It is an often-stated truth that a court order is worthless if it cannot be enforced. Accordingly, the courts have been given wide powers to enforce orders, in various ways. The ultimate of these is the power to commit the person in breach of the order to prison. However, such a draconian power must obviously be subject to safeguards, to ensure that it is properly used. In the case of committal, that means that certain procedural formalities must be strictly adhered to.
Sadly, it is a recurring theme in reported cases of committal hearings that these procedural formalities are not followed. The result is that the person in whose favour the order was made may be left frustrated, especially where the breach of the order was clear and deliberate.
Such was apparently the situation in the recent case CH v CT, which concerned an application by a grandparent to enforce a contact order.
The background to the case was a little complex, but the essential facts were that the child is aged five and has lived with her mother all her life. Sadly, her father died in 2014. For a while after this, she was having contact with her paternal grandmother and her current partner. That broke down in circumstances that are disputed between the parties, and in 2016 the grandmother applied for a child arrangements order.
The application was opposed by the mother, but the court made an order in favour of the grandmother, on the 21st of July 2017. The order provided that the child should have contact with the grandmother every Sunday on a two-weekly cycle, week one from 12 noon to 2 pm, and week two from 12 noon to 5 pm.
No contact has taken place under the order, the grandmother having allegedly attended outside the mother’s property every Sunday, but having not been allowed to see the child.
In October 2017 the grandmother applied for an enforcement order. The application was heard in February 2018. The court found that the mother had not obeyed the order, that she acknowledged that she had not done so and that she confirmed that she did not intend to do so. In the circumstances the court made an order committing her to prison for three months. The order was suspended for four months, meaning that if the mother again disobeyed the order within that period, the three-month sentence could be activated. The mother appealed against the committal order alleging, amongst other things, that there had been various procedural irregularities.
Hearing the appeal in the High Court Mr Justice Baker found that there had, indeed, been a number of serious procedural irregularities.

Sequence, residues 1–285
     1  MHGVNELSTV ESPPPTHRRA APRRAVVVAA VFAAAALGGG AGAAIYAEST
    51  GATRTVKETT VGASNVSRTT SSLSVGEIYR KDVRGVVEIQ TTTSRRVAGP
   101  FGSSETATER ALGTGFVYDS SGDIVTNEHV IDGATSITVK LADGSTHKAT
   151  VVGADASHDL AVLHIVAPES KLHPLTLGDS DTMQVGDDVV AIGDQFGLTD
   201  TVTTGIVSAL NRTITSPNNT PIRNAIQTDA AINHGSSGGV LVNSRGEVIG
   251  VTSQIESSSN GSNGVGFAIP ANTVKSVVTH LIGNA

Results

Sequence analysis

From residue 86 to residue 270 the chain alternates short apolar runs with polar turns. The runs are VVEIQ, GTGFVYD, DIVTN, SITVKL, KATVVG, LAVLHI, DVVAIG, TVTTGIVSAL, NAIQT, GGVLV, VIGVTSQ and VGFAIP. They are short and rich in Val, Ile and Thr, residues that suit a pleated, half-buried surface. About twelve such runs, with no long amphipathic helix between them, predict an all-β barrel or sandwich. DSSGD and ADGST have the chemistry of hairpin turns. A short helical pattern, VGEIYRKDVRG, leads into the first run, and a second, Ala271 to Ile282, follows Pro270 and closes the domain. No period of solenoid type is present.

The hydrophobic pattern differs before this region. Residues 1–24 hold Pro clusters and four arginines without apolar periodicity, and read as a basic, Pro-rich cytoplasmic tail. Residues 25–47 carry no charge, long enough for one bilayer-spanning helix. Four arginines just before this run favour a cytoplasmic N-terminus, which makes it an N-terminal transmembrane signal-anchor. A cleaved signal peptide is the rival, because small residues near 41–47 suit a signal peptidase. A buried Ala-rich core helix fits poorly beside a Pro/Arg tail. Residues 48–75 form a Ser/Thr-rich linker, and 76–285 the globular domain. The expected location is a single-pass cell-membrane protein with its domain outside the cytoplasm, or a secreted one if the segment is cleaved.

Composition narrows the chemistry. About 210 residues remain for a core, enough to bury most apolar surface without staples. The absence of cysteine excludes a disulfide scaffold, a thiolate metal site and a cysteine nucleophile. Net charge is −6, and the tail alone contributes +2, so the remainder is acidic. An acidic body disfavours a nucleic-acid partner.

Firstly, the mother had not been given proper notice of the committal application (the grandmother had only applied for an enforcement order).
Secondly, the mother should have been served with a detailed list of the alleged acts of contempt so that she knew precisely what she was being accused of, but this did not happen.
And thirdly, the judge hearing the committal application had not set out the breaches of the order that she had found proved, as she should have done.
Mr Justice Baker pointed out that it is possible for the court to waive any procedural defect in the commencement or conduct of a committal application. However, it may only do so if it is satisfied that no injustice had been caused to the respondent by the defect. Here, the above defects were such that the mother had suffered such an injustice.
For these reasons, Mr Justice Baker reached the clear conclusion that the committal order was wrong. However, he made clear that:
“In saying that, I am not endorsing the [mother’s] actions. It seems plain that she has failed to comply with the order of 21 July 2017. But the fact that a party has failed to comply with an order does not empower the court to make a committal order without complying with the procedural requirements.”
Further to the above defects (and this has been a common occurrence over the years), the contact order did not contain the required ‘penal notice’, warning the mother of the possible consequences of breaching the order – without such a notice, the order was incapable of being enforced by an order for committal at all.
Accordingly, Mr Justice Baker allowed the appeal and set aside the suspended committal order. He further ordered that the grandmother’s application for an enforcement order should be listed for rehearing before a circuit judge, to consider whether the mother had a reasonable excuse for failing to comply with the order of 21 July 2017.